Personalized medicine is variably defined as a new system aimed at providing optimal medical care by using comprehensive pathophysiology-based information on all aspects and components of a disease process to prevent, diagnose and treat in ways that are custom-made for the individual patient. The need for personalized medicine derives from the realization that today's most challenging medical conditions are chronic complex diseases with multiple pathogenic components that interact with each other. Complexity and interaction together create unique molecular pathways that are only relevant to certain disease subtypes, but not to the entire population of patients with the same diagnosis. Thus, complex diseases cannot be properly controlled, and much less cured, by modulating single components at sporadic time points in the course of the disease or administering the same treatment to all patients, as we currently do in the management of inflammatory bowel disease (IBD). The implementation of personalized medicine requires entirely novel and methodologically sophisticated bioinformatics-based approaches that use comprehensive and detailed information on the various components ('omes') of the disease process. This requires identifying the key controllers ('hubs') of pathogenic pathways in a totally unbiased fashion and discovering highly specific agents that can selectively block or even revert pathogenic events. IBD is a perfect example of a condition with multiple causes and multiple mechanisms, and IBD patients will unquestionably benefit from the adoption of personalized medicine in the near future. © 2015 S. Karger AG, Basel.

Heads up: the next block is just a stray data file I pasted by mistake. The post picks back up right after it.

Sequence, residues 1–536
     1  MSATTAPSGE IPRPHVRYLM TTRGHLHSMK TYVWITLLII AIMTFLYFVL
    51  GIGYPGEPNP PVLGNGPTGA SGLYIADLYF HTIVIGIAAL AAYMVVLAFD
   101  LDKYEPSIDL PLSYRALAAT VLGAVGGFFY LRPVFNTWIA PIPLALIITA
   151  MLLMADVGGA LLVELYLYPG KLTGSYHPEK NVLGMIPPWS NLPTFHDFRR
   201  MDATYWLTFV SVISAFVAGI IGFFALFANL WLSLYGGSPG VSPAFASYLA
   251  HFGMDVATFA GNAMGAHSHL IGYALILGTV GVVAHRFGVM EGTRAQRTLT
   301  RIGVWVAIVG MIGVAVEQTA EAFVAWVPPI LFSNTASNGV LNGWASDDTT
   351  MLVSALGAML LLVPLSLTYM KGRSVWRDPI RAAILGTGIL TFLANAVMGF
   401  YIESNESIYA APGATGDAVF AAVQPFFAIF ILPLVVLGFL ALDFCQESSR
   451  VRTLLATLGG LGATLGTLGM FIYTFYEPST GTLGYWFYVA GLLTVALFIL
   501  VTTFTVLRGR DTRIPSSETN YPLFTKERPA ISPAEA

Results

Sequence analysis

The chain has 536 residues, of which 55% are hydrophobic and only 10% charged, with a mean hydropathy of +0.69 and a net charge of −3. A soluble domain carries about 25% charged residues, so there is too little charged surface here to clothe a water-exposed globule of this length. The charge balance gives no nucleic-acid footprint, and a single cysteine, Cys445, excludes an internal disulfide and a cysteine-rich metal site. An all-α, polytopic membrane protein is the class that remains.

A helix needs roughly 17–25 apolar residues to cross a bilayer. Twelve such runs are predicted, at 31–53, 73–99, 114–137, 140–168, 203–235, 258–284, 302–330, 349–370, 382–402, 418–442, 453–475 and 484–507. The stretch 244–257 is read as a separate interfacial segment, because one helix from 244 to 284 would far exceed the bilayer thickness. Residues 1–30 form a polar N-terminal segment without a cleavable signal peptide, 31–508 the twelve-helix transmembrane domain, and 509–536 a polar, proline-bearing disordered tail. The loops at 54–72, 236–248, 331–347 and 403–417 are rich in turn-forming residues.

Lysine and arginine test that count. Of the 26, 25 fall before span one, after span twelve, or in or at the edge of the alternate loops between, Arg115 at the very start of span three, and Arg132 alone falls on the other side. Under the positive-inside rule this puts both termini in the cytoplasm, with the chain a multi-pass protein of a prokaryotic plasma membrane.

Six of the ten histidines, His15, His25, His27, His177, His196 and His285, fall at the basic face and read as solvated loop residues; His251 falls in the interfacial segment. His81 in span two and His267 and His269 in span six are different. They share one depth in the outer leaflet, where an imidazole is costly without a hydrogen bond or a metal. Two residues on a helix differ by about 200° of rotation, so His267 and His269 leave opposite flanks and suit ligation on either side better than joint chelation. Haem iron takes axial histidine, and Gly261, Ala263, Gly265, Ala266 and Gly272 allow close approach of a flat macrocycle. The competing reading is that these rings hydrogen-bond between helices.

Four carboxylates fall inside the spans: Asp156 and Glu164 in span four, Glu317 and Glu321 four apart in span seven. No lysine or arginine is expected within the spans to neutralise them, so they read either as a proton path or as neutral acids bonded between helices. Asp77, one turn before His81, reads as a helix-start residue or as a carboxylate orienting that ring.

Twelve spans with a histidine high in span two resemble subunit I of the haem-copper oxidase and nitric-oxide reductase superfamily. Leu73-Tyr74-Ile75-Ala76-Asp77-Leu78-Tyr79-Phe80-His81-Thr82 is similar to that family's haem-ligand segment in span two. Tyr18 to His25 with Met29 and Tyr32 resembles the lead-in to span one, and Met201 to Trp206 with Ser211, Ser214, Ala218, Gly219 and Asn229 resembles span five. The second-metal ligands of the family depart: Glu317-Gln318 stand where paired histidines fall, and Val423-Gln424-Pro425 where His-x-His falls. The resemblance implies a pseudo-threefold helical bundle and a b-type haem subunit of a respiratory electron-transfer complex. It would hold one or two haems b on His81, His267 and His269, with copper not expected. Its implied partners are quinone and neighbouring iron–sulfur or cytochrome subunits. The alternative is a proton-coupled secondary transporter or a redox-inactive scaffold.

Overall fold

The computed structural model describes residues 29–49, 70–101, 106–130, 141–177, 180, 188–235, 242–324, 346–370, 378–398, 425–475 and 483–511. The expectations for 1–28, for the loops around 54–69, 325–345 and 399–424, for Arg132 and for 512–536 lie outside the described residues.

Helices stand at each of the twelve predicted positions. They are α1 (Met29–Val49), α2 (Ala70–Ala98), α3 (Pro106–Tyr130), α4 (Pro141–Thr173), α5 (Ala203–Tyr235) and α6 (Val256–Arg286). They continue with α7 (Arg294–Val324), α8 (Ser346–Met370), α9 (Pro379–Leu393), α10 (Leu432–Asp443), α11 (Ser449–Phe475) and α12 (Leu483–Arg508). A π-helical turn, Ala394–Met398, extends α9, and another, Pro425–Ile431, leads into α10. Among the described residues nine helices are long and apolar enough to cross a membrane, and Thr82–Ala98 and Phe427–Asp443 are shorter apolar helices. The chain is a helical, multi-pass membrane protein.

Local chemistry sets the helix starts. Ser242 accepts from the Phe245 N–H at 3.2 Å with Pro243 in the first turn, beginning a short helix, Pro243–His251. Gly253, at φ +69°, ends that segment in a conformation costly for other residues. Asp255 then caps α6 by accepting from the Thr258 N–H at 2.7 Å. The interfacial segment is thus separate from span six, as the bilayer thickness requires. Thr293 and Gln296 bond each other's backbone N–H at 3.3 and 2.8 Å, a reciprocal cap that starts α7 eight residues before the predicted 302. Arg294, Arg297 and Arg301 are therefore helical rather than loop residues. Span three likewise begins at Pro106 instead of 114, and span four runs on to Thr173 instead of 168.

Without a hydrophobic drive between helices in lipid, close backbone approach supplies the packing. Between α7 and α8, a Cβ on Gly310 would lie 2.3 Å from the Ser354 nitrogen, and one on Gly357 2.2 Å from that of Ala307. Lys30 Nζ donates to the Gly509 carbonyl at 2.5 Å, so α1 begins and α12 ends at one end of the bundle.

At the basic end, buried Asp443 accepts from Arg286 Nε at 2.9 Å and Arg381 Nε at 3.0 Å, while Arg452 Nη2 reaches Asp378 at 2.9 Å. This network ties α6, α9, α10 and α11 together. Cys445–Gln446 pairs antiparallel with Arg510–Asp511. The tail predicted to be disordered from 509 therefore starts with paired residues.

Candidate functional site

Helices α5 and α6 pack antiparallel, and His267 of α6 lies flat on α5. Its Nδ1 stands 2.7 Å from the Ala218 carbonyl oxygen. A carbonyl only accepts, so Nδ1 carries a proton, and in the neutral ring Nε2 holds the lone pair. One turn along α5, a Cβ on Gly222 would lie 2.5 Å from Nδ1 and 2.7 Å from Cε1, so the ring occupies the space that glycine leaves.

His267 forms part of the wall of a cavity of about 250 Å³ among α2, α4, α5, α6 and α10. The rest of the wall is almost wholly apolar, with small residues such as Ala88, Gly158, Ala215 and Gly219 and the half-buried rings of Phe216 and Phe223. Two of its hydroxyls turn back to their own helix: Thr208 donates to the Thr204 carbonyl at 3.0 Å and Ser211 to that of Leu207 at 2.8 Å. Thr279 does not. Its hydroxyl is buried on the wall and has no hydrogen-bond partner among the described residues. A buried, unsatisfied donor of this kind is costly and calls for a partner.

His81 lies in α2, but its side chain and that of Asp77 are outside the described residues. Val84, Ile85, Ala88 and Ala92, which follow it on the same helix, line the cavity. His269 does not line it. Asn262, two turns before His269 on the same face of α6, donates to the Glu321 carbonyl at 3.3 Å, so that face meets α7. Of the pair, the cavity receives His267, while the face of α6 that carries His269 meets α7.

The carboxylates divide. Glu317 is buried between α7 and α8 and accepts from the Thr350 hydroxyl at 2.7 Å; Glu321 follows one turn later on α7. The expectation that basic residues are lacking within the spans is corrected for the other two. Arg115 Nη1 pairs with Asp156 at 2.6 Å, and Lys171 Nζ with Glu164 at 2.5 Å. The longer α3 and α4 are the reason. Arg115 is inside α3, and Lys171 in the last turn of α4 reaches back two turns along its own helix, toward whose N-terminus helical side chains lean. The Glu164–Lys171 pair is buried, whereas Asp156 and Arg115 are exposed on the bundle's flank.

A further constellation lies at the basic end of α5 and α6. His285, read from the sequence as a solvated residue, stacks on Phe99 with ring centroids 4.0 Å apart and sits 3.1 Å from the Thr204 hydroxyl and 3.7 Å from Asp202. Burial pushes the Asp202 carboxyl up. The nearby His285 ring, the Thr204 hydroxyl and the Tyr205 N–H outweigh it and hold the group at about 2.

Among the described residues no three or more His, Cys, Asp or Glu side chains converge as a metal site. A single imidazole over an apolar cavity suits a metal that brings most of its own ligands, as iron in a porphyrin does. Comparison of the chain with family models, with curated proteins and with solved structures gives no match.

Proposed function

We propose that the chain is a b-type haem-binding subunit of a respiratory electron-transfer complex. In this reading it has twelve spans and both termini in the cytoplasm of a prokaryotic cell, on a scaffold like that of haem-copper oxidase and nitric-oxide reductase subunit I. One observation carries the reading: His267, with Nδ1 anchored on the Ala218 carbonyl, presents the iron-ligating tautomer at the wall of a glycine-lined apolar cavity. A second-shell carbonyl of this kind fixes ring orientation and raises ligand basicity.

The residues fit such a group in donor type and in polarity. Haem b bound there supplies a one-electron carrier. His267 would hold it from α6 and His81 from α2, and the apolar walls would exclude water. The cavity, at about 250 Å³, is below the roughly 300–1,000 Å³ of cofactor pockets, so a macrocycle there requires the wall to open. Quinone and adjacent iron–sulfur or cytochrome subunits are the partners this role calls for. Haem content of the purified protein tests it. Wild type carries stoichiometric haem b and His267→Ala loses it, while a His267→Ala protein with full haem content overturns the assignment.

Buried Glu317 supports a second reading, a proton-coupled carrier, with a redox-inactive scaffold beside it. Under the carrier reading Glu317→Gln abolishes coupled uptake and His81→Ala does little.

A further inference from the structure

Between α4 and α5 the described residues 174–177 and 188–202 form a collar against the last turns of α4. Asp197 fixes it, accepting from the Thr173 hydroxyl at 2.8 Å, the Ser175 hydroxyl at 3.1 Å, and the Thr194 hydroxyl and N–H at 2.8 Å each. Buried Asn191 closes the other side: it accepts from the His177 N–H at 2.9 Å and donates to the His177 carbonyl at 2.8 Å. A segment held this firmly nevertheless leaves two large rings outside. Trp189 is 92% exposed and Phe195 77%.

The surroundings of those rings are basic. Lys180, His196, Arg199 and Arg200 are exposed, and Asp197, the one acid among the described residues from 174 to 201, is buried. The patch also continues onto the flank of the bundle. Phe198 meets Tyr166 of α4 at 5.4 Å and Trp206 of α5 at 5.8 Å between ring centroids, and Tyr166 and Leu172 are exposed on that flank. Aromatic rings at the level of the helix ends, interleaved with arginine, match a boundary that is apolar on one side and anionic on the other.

Kronberg U.,Digestive Disease Institute | Kiran R.P.,Digestive Disease Institute | Soliman M.S.M.,Digestive Disease Institute | Hammel J.P.,Digestive Disease Institute | And 3 more authors.
Annals of Surgery | Year: 2011

Background/Objective: Postoperative ileus (POI) after colorectal surgery is associated with prolonged hospital stay and increased costs. The aim of this study is to investigate pre-, intra-, and postoperative risk factors associated with the development of POI in patients undergoing laparoscopic partial colectomy. Methods: Patients operated between 2004 and 2008 were retrospectively identified from a prospectively maintained database, and clinical, metabolic, and pharmacologic data were obtained. Postoperative ileus was defined as the absence of bowel function for 5 or more days or the need for reinsertion of a nasogastric tube after starting oral diet in the absence of mechanical obstruction. Associations between likelihood of POI and study variables were assessed univariably by using χ tests, Fisher exact tests, and logistic regression models. A scoring system for prediction of POI was constructed by using a multivariable logistic regression model based on forward stepwise selection of preoperative factors. Results: A total of 413 patients (mean age, 58 years; 53.5% women) were included, and 42 (10.2%) of them developed POI. Preoperative albumin, postoperative deep-vein thrombosis, and electrolyte levels were associated with POI. Age, previous abdominal surgery, and chronic preoperative use of narcotics were independently correlated with POI on multivariate analysis, which allowed the creation of a predictive score. Patients with a score of 2 or higher had an 18.3% risk of POI (P < 0.001). Conclusion: Postoperative ileus after laparoscopic partial colectomy is associated with specific preoperative and postoperative factors. The likelihood of POI can be predicted by using a preoperative scoring system. Addressing the postoperative factors may be expected to reduce the incidence of this common complication in high-risk patients. © 2010 Lippincott Williams & Wilkins.